For many years the Minneapolis Star Tribune, like a lot of metropolitan newspapers, reported on police activities as if the Minneapolis cops were the bad guys and every mistake or misstep by a cop was an act of malfeasance. Not that the Minneapolis cops were always innocent, but most of them did, and still do, their job with courage, honor, and integrity. You wouldn't have known how good they really were because the news media went out of its way to beat us up in print every chance it got. But things are changing here in Minneapolis. The Star Tribune has new owners, and it shows.
Over that the past few weeks, I've seen more positive articles about our cops than I saw in the last few years combined. That's not to say the cops should or will be on a perpetual honeymoon with the press. The community needs to know about deliberate police misconduct and what the department is doing to hold these cops accountable. Accountability is important on many levels. Appropriate sanctions, from verbal warnings to days off, are often a wakeup call that serves to prevent future misconduct. I know it worked for me, more than once, and I saw it work for others as well. And, except for those cases of extreme misconduct, nobody wants a cop to lose their job. We need them and we want our cops back on the street as soon as possible.
But when the press restricts its role with regard to the cops as that of a sanctioning agent, the public gets a grossly distorted view of the cops. Good policing requires citizen involvement. That's no secret to a cop. It's a symbiotic relationship. Neither can survive without the other. Everything from neighborhood crime prevention to information on a recent homicide comes out of the community. You can be the best super-sleuth in the world and it won't help one bit if the community won't work with you. That means the citizens have to trust their cops; but they won't when the only thing the community sees in the press is reports of police misconduct, real and alleged.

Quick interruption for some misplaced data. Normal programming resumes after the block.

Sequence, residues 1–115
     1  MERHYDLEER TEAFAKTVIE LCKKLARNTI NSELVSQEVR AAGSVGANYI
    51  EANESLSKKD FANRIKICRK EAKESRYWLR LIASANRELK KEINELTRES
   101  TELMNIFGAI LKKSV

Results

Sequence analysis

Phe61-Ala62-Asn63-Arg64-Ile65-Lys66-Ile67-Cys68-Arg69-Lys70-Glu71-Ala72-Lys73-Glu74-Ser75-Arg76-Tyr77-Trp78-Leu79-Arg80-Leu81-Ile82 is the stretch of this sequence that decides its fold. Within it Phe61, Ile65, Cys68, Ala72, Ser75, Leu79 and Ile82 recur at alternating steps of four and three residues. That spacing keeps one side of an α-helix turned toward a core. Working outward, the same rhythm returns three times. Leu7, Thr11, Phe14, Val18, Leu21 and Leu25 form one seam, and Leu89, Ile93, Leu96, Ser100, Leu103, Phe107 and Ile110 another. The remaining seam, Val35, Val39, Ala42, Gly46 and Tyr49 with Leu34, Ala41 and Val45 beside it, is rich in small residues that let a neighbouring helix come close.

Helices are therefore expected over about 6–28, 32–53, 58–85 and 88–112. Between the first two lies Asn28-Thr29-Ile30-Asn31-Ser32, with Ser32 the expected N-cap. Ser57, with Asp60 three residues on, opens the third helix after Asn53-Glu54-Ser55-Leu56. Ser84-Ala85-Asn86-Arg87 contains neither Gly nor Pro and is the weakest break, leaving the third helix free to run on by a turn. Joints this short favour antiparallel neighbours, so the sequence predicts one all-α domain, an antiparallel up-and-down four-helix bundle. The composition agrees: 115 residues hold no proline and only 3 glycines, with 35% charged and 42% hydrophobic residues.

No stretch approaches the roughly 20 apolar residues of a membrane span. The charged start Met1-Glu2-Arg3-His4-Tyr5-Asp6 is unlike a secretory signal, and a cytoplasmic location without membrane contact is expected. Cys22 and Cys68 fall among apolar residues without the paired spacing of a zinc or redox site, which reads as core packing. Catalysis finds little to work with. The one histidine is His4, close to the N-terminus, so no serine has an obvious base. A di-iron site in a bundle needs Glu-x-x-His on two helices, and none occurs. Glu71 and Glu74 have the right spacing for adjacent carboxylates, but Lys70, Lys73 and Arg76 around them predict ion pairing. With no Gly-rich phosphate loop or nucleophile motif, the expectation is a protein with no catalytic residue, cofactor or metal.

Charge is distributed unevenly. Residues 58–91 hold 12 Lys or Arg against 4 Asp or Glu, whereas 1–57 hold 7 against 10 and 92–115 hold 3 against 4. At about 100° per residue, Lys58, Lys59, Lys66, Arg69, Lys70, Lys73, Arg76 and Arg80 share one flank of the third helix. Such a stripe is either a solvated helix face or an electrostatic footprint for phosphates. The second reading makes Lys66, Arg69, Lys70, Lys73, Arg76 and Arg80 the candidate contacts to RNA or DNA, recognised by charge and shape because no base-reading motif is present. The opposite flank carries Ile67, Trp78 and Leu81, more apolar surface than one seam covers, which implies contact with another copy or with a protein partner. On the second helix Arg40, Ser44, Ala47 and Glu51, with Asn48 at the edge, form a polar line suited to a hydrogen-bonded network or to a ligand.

Negative reporting, without some realistic balance, pits the cops against the community and the community against the cops. It's bad for the cops and it's bad for the community.
The written word, especially in a major newspaper, is an incredibly powerful weapon when it is used as such. It attacks without fear of retaliation and it never needs to apologize because there is almost always at least a glimmer of truth in what it prints. It can destroy in a thousand words relationships that took years for a police department to put together, and the media has no regrets, because it sells newspapers. But there is another way. When the press is willing, it can be a powerful agent of peace and cooperation. It can bring the cops and community together. It can build bridges instead of walls; and that's good for the community and it's good for the cops.
I always knew how destructive the press could be, but it wasn't until recently, when I felt the emotional impact of those positive police stories in the Star Tribune that I was reminded of how deep my frustration ran with the constant negative press.
The Minneapolis Police Department has struggled for a long time in its efforts to build a strong police-community relationship in the face of constant criticism, a problem we don't see in our sister city of St. Paul. If we go back a few years, we see the perfect example of how different we are from St. Paul. In 1992, Minneapolis Police Officer Jerry Haaf was assassinated by cowardly gang members; shot in the back while on his dinner break. I rode in the funeral procession, along with hundreds of other cops, and it was a wonderful service. But the procession and the service were attended by mostly cops.